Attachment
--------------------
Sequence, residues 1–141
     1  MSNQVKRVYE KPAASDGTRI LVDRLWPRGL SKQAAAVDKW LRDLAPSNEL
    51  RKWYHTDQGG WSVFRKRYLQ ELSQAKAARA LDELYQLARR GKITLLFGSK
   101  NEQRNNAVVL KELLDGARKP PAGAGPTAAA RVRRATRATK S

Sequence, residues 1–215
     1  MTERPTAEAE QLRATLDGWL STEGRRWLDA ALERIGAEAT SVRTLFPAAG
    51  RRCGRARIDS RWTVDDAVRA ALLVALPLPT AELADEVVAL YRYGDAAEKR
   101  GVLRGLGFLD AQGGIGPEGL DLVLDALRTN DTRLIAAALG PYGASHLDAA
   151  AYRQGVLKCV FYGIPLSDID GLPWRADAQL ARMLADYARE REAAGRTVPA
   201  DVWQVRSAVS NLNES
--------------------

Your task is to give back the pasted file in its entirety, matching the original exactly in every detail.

Sequence, residues 1–141
     1  MSNQVKRVYE KPAASDGTRI LVDRLWPRGL SKQAAAVDKW LRDLAPSNEL
    51  RKWYHTDQGG WSVFRKRYLQ ELSQAKAARA LDELYQLARR GKITLLFGSK
   101  NEQRNNAVVL KELLDGARKP PAGAGPTAAA RVRRATRATK S

Sequence, residues 1–215
     1  MTERPTAEAE QLRATLDGWL STEGRRWLDA ALERIGAEAT SVRTLFPAAG
    51  RRCGRARIDS RWTVDDAVRA ALLVALPLPT AELADEVVAL YRYGDAAEKR
   101  GVLRGLGFLD AQGGIGPEGL DLVLDALRTN DTRLIAAALG PYGASHLDAA
   151  AYRQGVLKCV FYGIPLSDID GLPWRADAQL ARMLADYARE REAAGRTVPA
   201  DVWQVRSAVS NLNES